Organic waste diversion proposed for Grand Forks and Christina Lake

Mona Mattei
By Mona Mattei
February 25th, 2011

Tired of the pungent smell of burning barrels in your neighbour’s backyard? Well, a new garbage and organic waste diversion program being proposed by the Regional District of Kootenay Boundary (RDKB) may well be the solution. The new program, to be piloted in Grand Forks, Christina Lake and rural areas soon, may be a godsend to those who have struggled with composting, recycling and even garbage.  “I don’t know if many of you get excited about garbage,” joked Alan Stanley, director of environmental services for the RDKB, “but I do! It is one of the few truly regional services that we offer. We are proposing a program to get organic waste out of the garbage. Forty – 50 percent of what you put in the garbage can is organic waste.”  Reducing organic waste will lengthen the life of the local landfills, but also reduces methane gases which build up when organics are not composted separately. Stanley said that in the Grand Forks waste shed there are three problems: self-haul recycling; burning in barrels in rural areas; and methane from the organic waste in the landfill.  “The problem with burn barrels is that low temperature incineration releases dioxins. These dissipate into the air and then drop on plants which are then eaten by foraging animals. The animals accumulate dioxins in their fatty tissues. Then we eat the animal or their eggs, milk, etc. – we’re eating dioxins!” explained Stanley.  The solution? Organic separation, residuals collection, and improved recycling. While it may seem that there will be resistance to the proposed collection services, Stanley says that in other areas that have implemented similar programs the uptake is higher than expected in every case. “In self-haul recycling 30 percent of recyclable materials still end up in the garbage,” said Stanley. “If you have pick-up services that number drops to 16 percent.” And you would be surprised that organic compostables include many paper products as well.  The organics will be composted at the landfill using a simple system of goretex sheets trapping heat with perforated pipes moving oxygen into the piles.  Stanley anticipates that there could be $50 – 100,000 in carbon credits that come from the project which helps the region in approaching their carbon neutral goals.  But currently garbage pick-up is only in the City of Grand Forks, and recycling pick-up, while throughout the valleys, does have a few spots it can’t get to yet. This new program will provide all three services rotating on alternate weeks. In week one there would be organic waste and recycling pick-up and in week two organic waste and garbage.  The service will provide every home with a green organics collection bin, as well as a small bin to collect organics inside the home. The increased cost to the regional residents will be between $70 – 90 annually, but will include garbage collection which most people pay for individually already.  The RDKB has completed all the technical work on the project, received pricing from contractors and are now in the consultation phase. The City of Grand Forks is meeting with the RDKB next week to discuss the service and its impacts on local taxpayers, explained Lynne Burch, city manager.  Links:  What can I put in the green bin? http://beyondcomposting.ca/materials.asp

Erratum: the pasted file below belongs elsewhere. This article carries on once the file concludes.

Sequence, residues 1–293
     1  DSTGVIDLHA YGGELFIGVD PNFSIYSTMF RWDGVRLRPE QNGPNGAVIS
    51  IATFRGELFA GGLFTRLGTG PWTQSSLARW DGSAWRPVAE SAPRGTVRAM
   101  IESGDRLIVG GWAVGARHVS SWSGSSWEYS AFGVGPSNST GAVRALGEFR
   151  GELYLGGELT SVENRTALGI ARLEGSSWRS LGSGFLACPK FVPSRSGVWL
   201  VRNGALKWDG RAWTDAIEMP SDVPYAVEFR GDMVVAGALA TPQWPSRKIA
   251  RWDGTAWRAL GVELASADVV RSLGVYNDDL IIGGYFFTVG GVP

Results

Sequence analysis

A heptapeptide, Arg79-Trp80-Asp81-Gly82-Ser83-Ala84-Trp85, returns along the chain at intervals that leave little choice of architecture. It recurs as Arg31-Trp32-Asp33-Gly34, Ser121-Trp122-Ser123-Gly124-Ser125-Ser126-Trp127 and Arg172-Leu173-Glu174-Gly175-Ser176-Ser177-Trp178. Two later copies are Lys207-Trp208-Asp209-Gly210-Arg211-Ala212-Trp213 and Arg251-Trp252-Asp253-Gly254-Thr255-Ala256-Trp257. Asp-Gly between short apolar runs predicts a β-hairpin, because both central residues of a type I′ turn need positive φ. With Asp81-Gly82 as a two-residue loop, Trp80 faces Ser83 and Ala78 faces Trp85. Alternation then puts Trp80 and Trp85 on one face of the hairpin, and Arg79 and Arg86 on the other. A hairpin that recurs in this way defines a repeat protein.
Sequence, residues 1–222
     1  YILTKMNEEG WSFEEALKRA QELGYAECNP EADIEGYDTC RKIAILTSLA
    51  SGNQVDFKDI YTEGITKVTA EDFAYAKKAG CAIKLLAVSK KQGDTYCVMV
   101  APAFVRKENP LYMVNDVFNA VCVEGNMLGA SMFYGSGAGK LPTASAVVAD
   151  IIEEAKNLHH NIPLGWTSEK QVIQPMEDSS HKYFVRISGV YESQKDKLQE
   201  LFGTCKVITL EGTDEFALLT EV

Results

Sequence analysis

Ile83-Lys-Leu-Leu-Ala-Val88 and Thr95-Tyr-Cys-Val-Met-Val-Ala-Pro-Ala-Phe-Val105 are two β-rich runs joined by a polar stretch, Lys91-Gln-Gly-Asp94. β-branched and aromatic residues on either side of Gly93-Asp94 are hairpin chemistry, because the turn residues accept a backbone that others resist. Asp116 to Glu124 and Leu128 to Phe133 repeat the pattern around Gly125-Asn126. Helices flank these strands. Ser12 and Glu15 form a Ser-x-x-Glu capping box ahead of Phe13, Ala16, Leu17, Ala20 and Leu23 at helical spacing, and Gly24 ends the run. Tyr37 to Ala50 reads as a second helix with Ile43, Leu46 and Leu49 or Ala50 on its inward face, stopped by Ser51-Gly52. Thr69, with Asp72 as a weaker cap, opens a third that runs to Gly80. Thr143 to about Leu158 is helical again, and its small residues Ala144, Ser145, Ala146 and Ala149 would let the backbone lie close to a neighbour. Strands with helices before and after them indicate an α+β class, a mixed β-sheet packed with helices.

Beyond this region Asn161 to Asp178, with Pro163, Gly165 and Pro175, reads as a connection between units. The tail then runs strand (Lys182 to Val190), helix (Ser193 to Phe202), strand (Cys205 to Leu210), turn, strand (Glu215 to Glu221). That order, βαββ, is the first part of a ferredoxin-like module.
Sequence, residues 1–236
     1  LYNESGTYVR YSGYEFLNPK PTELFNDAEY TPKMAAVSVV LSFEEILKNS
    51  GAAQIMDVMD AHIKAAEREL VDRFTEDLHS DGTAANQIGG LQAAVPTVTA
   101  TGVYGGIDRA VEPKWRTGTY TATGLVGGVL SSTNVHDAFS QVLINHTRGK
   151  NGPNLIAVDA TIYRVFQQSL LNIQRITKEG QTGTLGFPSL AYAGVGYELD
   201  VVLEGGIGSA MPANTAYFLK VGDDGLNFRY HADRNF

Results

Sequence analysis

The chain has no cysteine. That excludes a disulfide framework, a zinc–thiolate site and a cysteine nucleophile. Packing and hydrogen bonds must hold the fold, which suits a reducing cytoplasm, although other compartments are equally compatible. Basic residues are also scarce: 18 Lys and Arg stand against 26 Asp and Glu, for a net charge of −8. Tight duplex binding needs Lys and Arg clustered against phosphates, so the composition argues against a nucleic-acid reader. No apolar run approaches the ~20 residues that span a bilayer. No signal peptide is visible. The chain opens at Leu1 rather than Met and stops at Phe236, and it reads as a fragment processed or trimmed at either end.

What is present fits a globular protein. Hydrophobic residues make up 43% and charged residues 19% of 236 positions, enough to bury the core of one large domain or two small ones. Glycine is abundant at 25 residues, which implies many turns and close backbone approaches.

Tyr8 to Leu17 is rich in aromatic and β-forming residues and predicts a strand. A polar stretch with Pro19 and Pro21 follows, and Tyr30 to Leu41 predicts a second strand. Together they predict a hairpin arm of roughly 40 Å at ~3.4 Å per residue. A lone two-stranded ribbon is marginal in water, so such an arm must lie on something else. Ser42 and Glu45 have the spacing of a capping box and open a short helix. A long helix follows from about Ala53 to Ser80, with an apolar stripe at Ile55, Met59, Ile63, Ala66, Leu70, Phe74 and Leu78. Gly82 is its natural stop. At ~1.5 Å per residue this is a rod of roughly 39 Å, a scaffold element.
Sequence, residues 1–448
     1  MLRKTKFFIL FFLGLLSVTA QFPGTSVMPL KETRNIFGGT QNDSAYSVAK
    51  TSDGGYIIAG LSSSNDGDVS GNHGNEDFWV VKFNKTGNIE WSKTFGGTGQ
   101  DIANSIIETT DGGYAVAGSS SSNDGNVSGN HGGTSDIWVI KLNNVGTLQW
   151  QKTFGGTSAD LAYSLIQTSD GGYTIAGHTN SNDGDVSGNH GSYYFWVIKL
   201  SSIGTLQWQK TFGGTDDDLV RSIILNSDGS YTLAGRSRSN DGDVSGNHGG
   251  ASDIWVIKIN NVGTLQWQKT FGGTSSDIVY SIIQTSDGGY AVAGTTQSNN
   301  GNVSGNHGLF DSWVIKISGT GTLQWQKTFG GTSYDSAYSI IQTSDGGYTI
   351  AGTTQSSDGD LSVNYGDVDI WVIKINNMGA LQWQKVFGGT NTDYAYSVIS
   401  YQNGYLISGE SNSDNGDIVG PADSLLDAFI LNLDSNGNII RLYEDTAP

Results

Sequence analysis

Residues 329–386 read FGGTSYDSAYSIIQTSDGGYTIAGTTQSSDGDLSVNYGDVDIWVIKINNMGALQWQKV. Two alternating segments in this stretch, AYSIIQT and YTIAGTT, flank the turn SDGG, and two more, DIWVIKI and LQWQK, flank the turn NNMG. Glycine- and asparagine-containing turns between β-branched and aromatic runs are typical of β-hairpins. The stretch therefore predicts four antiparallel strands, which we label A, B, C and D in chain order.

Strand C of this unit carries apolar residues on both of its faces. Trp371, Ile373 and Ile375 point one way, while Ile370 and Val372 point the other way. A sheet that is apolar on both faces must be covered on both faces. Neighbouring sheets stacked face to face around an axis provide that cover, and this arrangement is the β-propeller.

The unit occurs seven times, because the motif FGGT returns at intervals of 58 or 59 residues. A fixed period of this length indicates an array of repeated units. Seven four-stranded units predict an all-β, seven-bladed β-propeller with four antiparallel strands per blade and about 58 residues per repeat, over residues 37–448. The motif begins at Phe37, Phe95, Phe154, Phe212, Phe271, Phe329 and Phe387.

What’s being burned? http://www.epa.gov/osw/nonhaz/municipal/backyard/health.htm 

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